I swore off campus committees for a while after getting tenure for two reasons:
1) As chair of an important committee for two years, I got sick of beating my head against the wall trying to get the head of a campus service division to actually serve our needs.
2) I was pushed into a major non-committee responsibility that takes up much more time than the typical committee/service loads that most people have.
I still have the latter, but I’m back in the saddle on a relatively important campus committee this year. We had our first meeting a while back. It’s not too unusual for certain committees to have quite a few junior faculty. This is not a place where committee work actually makes much of a difference or is particularly respected by administration. However, one still needs committee work and preferably at least one chairship in your file when going up for tenure. Fairly typical for most schools, although in places where committee work actually makes a difference, the “old hands” are still often quite involved.
What did strike me was that as we went around the table introducing ourselves (mainly for the benefit of the newest faculty members), it turned out that only one of the committee members has been here longer than I have. Granted, I’ve been here roughly a decade, longer than any other period of my life. But, it’s weird to think of myself as being one of the “old hands”. A typical professorial career for someone who didn’t come into academia from another career is usually 30-40 years. So, I’m just about into middle third of that career, assuming I don’t jump ship sometime.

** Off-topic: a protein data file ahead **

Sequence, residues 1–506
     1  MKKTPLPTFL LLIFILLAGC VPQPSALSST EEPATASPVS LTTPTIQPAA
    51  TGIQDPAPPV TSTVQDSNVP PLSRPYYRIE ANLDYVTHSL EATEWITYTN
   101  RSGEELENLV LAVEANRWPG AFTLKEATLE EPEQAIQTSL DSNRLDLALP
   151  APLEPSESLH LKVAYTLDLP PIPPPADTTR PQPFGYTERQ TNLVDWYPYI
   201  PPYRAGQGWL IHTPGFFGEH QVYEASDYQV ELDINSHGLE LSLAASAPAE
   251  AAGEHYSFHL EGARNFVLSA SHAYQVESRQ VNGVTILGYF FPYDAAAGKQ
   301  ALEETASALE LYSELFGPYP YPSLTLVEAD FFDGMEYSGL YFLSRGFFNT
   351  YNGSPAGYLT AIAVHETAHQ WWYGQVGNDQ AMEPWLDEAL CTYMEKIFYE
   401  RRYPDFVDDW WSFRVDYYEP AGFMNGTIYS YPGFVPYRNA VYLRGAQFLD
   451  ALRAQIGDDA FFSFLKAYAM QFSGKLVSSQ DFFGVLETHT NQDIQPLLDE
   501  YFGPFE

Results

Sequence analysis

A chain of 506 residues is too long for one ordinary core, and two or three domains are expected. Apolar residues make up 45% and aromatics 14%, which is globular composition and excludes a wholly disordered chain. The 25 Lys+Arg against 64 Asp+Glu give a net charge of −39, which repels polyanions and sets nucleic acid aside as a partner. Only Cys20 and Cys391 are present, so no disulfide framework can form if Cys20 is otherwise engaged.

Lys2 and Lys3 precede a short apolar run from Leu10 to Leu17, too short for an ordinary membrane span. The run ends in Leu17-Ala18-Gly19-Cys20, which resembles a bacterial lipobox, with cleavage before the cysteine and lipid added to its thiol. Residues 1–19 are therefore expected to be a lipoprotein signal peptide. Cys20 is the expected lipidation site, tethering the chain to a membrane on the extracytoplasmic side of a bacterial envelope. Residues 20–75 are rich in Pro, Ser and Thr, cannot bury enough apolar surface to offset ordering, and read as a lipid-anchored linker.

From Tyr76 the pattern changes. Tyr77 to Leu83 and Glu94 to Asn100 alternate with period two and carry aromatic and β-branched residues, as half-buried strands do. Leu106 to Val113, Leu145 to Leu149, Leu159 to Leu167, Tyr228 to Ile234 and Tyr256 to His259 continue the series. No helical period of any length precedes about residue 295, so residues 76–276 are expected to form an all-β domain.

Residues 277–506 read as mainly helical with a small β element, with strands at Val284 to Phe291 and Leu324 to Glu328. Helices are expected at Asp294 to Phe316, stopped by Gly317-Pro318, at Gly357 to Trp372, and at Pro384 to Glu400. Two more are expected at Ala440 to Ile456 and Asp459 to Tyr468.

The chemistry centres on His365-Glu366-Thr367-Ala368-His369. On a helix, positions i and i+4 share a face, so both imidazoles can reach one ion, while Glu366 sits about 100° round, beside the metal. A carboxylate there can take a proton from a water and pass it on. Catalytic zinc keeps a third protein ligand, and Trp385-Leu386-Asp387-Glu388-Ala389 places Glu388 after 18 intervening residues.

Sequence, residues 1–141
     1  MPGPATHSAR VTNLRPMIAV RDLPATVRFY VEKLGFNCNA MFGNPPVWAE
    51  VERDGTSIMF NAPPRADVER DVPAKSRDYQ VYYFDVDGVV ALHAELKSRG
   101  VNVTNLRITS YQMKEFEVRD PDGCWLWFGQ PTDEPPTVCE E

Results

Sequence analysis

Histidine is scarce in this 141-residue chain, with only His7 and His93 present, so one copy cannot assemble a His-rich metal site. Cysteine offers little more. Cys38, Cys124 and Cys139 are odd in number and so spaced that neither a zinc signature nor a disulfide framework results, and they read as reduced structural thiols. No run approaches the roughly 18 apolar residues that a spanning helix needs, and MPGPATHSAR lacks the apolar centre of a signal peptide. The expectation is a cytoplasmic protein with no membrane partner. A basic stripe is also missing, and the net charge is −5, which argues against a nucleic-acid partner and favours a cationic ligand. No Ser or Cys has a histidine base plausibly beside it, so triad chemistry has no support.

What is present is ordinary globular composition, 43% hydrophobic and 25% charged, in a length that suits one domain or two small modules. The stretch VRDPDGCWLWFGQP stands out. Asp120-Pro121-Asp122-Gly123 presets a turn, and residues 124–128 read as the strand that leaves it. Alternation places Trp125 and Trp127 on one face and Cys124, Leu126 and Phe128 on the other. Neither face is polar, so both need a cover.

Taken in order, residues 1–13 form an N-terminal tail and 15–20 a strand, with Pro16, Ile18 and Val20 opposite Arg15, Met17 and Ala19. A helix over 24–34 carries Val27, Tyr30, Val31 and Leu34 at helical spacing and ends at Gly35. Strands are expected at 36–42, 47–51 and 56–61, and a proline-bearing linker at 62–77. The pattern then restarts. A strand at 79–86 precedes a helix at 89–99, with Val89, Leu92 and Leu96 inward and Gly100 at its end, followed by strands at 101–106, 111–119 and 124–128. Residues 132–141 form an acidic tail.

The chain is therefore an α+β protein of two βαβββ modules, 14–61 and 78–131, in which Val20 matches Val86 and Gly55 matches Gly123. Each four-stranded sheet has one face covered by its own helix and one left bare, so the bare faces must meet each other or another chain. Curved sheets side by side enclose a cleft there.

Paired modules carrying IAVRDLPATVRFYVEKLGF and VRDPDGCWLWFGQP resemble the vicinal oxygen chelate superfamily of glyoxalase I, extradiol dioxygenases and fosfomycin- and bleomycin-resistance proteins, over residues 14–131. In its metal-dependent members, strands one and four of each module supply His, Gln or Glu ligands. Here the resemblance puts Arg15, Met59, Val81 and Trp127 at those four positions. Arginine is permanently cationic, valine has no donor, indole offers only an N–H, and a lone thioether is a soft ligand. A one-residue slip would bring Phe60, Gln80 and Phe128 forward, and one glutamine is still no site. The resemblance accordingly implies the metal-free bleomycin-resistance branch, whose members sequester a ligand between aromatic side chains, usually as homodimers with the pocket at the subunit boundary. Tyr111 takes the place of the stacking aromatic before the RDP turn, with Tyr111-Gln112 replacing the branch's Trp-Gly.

Of course, I don’t necessarily expect that I will stay in this place another 25 years. It needs to grow up a lot to be a place where I will want to spend the majority of my career. The major service activity I’m doing could go either way in terms of making me feel like I should stay long-term. On the other hand, I can’t imagine switching to another career unless something dramatic were to happen. It would have to be a lateral move to another institution, which is a major challenge in academia when you are already at a mediocre place. (I’m sure that I will go into more detail on this topic in the future.)
I have to confess that one nice thing about having been here for a while is that I finally know enough to go beyond “being dangerous” to “being useful”. Self-confidence is not my strong suit – unless I actually know what I’m talking about. On the other hand, my experience as an adult is that just as soon as I think I have things figured out, it all changes. Maybe this is just one of the steps on my way to being an old blowhard.